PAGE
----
Antioquia is Colombia’s most populated state and one of the most important economic centers of the country.
The state has approximately 6.5 million inhabitants of which more than half live in the metropolitan area of the state capital Medellin.
Antioquia is Colombia’s second largest economy due to a long history of international economic activity due to its production of coffee and flowers, both among the country’s top export products.
The city of Medellin stimulated this economic development in the first half of the 20th century when converting itself to a major exporter of textiles.
Governor: Sergio Fajardo
Territory: 24,561 sq mi
Population density: 260/sq mi
GDP: $43.1 billion
Poverty level: 29.3%
GINI coefficient: 0.506
Archaeologists have found evidence that the region now called Antioquia was first inhabited by humans around 13,000BC in the northern region and 8,000BC in the mountainous south of the state.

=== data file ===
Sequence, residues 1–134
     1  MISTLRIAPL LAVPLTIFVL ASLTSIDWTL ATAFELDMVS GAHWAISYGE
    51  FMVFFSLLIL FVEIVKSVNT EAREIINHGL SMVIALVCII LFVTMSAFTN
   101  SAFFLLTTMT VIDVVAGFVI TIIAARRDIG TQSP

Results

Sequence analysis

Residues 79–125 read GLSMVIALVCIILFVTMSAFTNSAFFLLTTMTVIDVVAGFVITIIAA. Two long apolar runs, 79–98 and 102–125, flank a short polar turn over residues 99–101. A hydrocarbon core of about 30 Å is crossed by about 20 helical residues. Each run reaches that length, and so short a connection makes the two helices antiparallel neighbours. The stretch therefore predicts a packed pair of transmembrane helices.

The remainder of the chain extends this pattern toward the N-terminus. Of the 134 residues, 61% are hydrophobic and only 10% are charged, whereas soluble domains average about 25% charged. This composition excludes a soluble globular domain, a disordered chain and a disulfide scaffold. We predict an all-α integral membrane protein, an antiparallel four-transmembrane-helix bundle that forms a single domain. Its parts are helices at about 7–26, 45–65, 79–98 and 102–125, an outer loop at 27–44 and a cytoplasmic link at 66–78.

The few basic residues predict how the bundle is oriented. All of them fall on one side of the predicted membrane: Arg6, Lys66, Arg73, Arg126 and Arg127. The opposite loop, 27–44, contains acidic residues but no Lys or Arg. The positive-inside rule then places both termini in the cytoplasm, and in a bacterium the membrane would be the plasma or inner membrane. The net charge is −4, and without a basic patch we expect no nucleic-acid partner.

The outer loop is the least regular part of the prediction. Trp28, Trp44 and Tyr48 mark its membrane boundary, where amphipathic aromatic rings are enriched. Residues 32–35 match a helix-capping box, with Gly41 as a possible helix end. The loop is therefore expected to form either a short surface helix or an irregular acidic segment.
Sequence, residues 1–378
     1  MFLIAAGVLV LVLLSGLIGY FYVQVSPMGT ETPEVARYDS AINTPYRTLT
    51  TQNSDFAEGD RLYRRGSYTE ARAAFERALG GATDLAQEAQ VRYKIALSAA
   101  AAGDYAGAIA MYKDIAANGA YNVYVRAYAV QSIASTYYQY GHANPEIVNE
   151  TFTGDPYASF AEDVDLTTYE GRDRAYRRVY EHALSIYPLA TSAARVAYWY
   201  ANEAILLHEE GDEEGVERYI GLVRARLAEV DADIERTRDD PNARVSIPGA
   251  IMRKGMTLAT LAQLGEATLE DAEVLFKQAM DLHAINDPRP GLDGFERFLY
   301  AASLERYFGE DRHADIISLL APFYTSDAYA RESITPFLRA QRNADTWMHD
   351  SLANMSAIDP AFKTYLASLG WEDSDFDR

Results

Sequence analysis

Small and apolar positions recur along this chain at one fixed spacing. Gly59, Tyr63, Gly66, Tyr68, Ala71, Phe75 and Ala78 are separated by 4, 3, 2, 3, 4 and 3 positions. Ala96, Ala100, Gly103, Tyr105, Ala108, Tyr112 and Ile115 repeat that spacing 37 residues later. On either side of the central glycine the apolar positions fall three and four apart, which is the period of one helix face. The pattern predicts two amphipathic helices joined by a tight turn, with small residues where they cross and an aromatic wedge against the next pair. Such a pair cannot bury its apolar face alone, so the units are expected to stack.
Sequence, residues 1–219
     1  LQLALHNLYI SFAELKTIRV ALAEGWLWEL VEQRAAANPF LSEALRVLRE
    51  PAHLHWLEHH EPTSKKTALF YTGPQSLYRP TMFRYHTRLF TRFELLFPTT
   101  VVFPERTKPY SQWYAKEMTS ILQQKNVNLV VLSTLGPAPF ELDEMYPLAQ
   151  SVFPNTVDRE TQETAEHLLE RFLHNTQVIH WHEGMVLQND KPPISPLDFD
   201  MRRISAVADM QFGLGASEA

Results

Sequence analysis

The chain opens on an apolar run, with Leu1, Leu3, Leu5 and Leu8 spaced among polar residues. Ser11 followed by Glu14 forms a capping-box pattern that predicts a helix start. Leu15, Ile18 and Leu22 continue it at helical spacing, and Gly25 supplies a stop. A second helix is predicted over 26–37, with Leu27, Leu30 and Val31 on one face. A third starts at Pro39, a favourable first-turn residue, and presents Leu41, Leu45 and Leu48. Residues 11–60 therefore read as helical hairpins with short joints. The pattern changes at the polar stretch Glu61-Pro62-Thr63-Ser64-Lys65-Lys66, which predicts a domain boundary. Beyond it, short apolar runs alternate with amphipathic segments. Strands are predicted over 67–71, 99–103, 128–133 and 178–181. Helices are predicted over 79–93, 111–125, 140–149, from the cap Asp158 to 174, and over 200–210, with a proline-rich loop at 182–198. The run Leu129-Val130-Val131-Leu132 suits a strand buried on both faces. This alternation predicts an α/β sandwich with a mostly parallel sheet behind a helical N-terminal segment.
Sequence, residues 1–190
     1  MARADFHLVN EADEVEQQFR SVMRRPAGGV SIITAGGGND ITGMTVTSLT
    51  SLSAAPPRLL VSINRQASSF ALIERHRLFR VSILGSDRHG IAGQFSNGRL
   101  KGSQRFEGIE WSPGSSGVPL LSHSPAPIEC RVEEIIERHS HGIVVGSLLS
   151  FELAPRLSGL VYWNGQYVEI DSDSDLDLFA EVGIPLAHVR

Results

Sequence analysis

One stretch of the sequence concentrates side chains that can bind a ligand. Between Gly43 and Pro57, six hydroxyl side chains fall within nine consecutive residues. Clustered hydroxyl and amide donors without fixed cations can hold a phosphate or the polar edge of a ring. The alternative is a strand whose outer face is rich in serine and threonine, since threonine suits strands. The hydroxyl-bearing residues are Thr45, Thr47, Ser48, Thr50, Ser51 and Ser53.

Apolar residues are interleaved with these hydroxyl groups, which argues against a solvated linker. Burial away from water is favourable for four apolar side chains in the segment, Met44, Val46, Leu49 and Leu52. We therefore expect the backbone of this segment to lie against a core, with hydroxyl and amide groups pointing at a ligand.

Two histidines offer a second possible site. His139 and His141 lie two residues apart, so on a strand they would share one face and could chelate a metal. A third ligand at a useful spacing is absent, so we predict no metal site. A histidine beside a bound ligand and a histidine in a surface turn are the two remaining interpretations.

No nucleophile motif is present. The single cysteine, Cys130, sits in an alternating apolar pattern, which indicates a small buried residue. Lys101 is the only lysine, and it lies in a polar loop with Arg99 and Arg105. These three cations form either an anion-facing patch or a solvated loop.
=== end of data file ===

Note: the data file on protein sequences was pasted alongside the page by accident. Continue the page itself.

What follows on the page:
The region traditionally was inhabited by tribes belonging to the Caribe and Chibcha peoples.
At the time of the Spanish conquest of Colombia in the 16th century, particularly the Chibcha people gained notoriety for their alleged homosexual and cannibal practices.
The Spanish explorer Rodrigo de Batistas was the first foreigner to set foot on the territory now called Antioquia.
The Spaniards used the northern Uraba region, bordering Panama, as base for their exploration and exploitation of the area’s riches. In Uraba, the state’s first city, Santa Maria la Antigua del Darien was founded in 1520. The conquerors later lost their interest in the city, which has since disappeared.
There are several explanations of how the Spaniards gave name to Antioquia; The most credible is that the name was derived from the ancient Turkish city of Antioch, now called Antakya, that played a mayor role in the Crusades that took place three centuries before Spain’s expansion to the western hemisphere..
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